Functors can also be objects in categories, with "morphisms" called natural transformations. Given two functors , a natural transformation consists of a collection of morphisms , one for each object of the category , which are 'natural' in the sense that they act as a 'conversion' between the two functors, taking no account of the objects that the functors are applied to. Natural transformations correspond to functions of the form eta :: F a -> G a, where a is a universally quantified type variable – eta knows nothing about the type which inhabits a. The naturality axiom of such functions is automatically satisfied because it is a so-called free theorem, depending on the fact that it is parametrically polymorphic.[1] For example, reverse :: List a -> List a, which reverses a list, is a natural transformation, as is flattenInorder :: Tree a -> List a, which flattens a tree from left to right, and even sortBy :: (a -> a -> Bool) -> List a -> List a, which sorts a list based on a provided comparison function.


The mathematical basis of maps allow for a number of optimizations. The composition law ensures that both

  • (map f . map g) list and
  • map (f . g) list

lead to the same result; that is, . However, the second form is more efficient to compute than the first form, because each map requires rebuilding an entire list from scratch. Therefore, compilers will attempt to transform the first form into the second; this type of optimization is known as map fusion and is the functional analog of loop fusion.[2]

Map functions can be and often are defined in terms of a fold such as foldr, which means one can do a map-fold fusion: foldr f z . map g is equivalent to foldr (f . g) z.

The implementation of map above on singly linked lists is not tail-recursive, so it may build up a lot of frames on the stack when called with a large list. Many languages alternately provide a "reverse map" function, which is equivalent to reversing a mapped list, but is tail-recursive. Here is an implementation which utilizes the fold-left function.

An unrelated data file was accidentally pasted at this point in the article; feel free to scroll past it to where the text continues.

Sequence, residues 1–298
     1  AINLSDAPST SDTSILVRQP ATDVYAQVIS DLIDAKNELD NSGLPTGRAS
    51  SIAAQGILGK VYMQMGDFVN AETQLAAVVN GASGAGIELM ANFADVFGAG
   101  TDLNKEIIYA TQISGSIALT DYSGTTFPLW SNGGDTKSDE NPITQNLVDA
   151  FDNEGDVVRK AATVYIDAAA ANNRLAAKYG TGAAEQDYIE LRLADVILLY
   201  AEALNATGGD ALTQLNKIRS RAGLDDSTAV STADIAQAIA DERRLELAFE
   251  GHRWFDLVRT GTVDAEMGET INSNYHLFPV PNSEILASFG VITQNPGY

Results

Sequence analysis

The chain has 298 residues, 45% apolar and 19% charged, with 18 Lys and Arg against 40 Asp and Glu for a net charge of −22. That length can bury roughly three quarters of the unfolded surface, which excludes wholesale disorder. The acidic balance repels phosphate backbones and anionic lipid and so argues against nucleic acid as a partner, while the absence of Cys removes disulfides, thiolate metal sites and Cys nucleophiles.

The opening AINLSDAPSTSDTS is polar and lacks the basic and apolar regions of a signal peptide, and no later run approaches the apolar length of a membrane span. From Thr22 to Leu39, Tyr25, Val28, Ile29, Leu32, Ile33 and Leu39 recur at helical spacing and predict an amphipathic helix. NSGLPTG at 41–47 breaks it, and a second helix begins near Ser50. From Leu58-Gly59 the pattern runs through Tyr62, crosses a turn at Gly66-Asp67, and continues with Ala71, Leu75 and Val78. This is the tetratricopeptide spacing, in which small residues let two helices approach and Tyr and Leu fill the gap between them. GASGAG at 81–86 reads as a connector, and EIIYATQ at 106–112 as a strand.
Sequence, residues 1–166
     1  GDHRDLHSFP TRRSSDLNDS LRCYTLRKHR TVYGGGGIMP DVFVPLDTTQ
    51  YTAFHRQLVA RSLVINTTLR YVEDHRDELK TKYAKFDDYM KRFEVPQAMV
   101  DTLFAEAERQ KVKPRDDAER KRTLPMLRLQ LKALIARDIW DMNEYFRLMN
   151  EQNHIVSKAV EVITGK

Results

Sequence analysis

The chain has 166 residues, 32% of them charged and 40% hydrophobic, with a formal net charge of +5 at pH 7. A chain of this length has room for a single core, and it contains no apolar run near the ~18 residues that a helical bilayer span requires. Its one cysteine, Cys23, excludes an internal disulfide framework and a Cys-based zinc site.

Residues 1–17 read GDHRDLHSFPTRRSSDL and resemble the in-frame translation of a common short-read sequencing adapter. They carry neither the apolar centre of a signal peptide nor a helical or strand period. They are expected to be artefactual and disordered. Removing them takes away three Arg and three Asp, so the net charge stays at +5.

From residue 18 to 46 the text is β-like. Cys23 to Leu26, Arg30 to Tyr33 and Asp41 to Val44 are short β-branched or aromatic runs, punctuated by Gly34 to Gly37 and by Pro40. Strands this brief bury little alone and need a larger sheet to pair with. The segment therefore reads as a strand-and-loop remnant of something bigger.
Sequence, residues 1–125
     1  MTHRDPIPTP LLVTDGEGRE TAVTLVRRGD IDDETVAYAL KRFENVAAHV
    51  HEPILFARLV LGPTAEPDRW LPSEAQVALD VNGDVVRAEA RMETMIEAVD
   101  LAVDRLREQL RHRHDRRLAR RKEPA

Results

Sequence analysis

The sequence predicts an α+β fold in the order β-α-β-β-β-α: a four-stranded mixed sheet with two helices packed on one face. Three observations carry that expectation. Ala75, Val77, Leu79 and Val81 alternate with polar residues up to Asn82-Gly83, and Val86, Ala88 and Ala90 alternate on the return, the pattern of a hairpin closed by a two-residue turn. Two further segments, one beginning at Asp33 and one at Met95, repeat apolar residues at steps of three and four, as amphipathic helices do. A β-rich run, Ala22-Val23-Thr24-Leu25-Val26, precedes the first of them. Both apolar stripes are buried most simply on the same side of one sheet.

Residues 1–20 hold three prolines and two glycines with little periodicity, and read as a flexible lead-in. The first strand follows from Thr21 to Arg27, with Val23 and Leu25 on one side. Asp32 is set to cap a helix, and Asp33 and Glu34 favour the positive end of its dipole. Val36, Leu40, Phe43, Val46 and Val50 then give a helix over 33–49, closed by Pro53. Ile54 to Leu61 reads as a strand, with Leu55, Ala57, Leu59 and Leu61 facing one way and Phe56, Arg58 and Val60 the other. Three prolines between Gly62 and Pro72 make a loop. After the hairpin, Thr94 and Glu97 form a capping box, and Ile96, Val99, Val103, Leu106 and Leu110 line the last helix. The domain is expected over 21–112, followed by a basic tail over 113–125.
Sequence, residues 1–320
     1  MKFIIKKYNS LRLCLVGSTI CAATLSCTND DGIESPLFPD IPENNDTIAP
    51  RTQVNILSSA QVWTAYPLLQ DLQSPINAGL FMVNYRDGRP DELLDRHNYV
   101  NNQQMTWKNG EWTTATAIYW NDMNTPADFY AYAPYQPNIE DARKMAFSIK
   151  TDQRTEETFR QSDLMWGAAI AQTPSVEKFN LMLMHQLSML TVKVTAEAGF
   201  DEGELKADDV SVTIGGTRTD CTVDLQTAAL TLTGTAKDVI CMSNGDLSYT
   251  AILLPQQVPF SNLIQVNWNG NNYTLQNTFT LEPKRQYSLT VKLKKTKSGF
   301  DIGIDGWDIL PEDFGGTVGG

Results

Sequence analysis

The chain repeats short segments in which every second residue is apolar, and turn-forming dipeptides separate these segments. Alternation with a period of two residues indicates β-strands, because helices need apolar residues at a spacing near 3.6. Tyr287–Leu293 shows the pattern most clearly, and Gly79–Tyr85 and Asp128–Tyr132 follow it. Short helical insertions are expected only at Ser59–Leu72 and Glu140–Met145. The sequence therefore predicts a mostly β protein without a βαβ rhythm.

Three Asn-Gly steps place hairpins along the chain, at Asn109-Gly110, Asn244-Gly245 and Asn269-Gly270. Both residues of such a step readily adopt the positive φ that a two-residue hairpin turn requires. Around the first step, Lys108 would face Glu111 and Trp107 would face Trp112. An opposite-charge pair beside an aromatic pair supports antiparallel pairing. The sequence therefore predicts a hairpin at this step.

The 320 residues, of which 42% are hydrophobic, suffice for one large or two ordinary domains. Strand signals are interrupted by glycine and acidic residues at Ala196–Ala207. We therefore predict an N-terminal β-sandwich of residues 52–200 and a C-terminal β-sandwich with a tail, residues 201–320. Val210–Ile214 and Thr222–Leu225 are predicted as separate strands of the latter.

reverseMap f = foldl (\ys x -> f x : ys) []

Since reversing a singly linked list is also tail-recursive, reverse and reverse-map can be composed to perform normal map in a tail-recursive way, though it requires performing two passes over the list.

Language comparison[edit]

The map function originated in functional programming languages.

The language Lisp introduced a map function called maplist[3] in 1959, with slightly different versions already appearing in 1958.[4] This is the original definition for maplist, mapping a function over successive rest lists:

maplist[x;f] = [null[x] -> NIL;T -> cons[f[x];maplist[cdr[x];f]]]

The function maplist is still available in newer Lisps like Common Lisp,[5] though functions like mapcar or the more generic map would be preferred.

Squaring the elements of a list using maplist would be written in S-expression notation like this:

(maplist (lambda (l) (sqr (car l))) '(1 2 3 4 5))

Using the function mapcar, above example would be written like this:

(mapcar (function sqr) '(1 2 3 4 5))

Today mapping functions are supported (or may be defined) in many procedural, object-oriented, and multi-paradigm languages as well: In C++'s Standard Library, it is called std::transform, in C# (3.0)'s LINQ library, it is provided as an extension method called Select. Map is also a frequently used operation in high level languages such as ColdFusion Markup Language (CFML), Perl, Python, and Ruby; the operation is called map in all four of these languages. A collect alias for map is also provided in Ruby (from Smalltalk). Common Lisp provides a family of map-like functions; the one corresponding to the behavior described here is called mapcar (-car indicating access using the CAR operation). There are also languages with syntactic constructs providing the same functionality as the map function.